Airbnb thinks Kiwis would be surprised to know that it supports Phil Goff's proposed bed tax.

Brent Thomas, the head of policy for Australia and New Zealand for the multi-billion dollar Silicon Valley company that is the world's largest accommodation provider, said this week: "We collect and remit bed taxes and tourism in over 400 locations. We actually support these. We support the idea that the Airbnb community continues to pay its fair share."

But while the company is willing to help collect a bed tax on behalf of the "community" (its hosts), it shouldn't surprise anyone that it doesn't appear to be nearly as enthusiastic when it comes to paying tax itself.

The company has no local subsidiary registered in New Zealand (perhaps to avoid triggering permanent establishment rules), meaning no local accounts are filed, and local operations appear to be run from Australia.

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This makes getting hard financial data about the company's local operations difficult. But international reports and unpicking this week's boosterish report on the company's contribution to the economy, reveal the deep contradiction in Thomas' position.

Airbnb's hosts themselves need to account for their rental income to New Zealand tax authorities. But local hosts renting out a spare bedroom for a couple of thousand dollars a year are unlikely to have the wherewithal, or chutzpah, to employ multiple subsidiaries in borderline tax havens to - totally legally - avoid the long arm of the Commissioner of Inland Revenue.

The story of Airbnb and its complex international structuring should be familiar to anyone who has followed technology giants in the business pages. It's the story of weightless companies using modern-day flags of convenience to disrupt both markets and tax bases.

Airbnb operates on a similar basis to ride-sharing company Uber, structuring itself to act as the middleman in transactions from which it collects a fee. The Financial Times reports that this fee ranges from 9 to 15 per cent, suggesting the company last year clipped between $18.5m and $30.9m from helping to rent out New Zealand properties.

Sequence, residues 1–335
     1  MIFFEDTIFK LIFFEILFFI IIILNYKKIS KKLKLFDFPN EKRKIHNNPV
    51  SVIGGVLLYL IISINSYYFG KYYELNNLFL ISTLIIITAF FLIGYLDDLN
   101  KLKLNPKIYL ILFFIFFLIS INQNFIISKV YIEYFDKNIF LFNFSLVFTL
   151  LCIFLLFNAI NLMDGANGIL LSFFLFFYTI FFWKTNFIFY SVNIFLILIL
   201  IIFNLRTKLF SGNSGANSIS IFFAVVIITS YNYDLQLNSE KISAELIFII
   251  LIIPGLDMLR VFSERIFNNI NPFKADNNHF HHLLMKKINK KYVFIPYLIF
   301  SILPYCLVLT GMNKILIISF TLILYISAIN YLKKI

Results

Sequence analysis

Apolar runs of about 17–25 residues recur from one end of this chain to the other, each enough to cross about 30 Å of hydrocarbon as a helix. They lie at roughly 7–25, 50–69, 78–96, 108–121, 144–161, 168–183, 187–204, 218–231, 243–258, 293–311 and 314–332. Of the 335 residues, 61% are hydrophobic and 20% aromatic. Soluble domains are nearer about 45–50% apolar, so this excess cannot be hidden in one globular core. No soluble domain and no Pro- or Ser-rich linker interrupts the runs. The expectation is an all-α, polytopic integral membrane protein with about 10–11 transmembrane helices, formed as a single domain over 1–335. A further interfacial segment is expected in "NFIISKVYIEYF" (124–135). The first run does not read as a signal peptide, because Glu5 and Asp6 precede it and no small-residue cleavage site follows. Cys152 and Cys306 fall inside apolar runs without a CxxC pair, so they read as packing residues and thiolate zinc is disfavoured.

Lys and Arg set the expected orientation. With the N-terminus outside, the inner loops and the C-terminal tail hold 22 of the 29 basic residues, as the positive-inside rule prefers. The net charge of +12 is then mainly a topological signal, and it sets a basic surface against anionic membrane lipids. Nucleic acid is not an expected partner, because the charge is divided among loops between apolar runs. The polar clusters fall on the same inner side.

And where does this fee go? It pays to check your invoices: several seen by the Weekend Herald issued by the company all give the counterparty as Airbnb Ireland UC.

Why Ireland? The company told the Guardian 18 months ago it was to "capitalise on Ireland's global reputation for technology and utilise the vast tech-savvy and bilingual workforce," but there may be other reasons.

Ireland's tax regime has actively courted multinational companies over the past decade, offering low tax rates - and huge deductions - if companies book their international earnings there.

Ireland's headline corporate tax rate is 12.5 per cent, compared to New Zealand's 28, but Bloomberg reported the tax rate for multinationals in Ireland was effectively 1 per cent.

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International taxation - particularly in the digital space - is complex and apportioning which jurisdiction is entitled to what tax can be difficult. But Airbnb's Irish solution applies even to the 35 per cent of local stays last year which the company classified as domestic tourism.

That is: even when New Zealanders booked New Zealand accommodation from other New Zealanders (using a United States software service, no less) it is classed as an Irish transaction.

Request for comment to Thomas, and Airbnb representatives in New Zealand, were answered by a written statement from Australia.

The statement described the company as a "different kind of business model to many tech companies," where most of the money from every transaction was paid to local hosts.

As for the Irish strategy, the statement said they were doing nothing illegal: "We follow the rules and pay all the tax we owe in the places we do business."

Airbnb has only recently broken even, reporting a US$100m profit on global revenue of $3.5b. This modest profit, followed by years of losses as it pursued growth, means the tax question has only now come into sharp focus.

And it will be an increasingly vexing topic: even with growth of 150 per cent a year, the company's present structure will see it avoid all tax in this part of the world once it becomes - as expected - wildly profitable.

Facebook and Google have used variations of the above Irish strategy to shunt transactions into havens. Mounting pressure, including a cameo role by then-Prime Minister John Key lambasting Mark Zuckerberg at the 2016 Apec summit, saw both those tech companies this year pledge to stop offshoring revenue and report local revenue locally.

If Airbnb really supports paying its fair share, it would do the same. Registering a subsidiary at New Zealand's Companies Office and filing annual accounts would be a good start.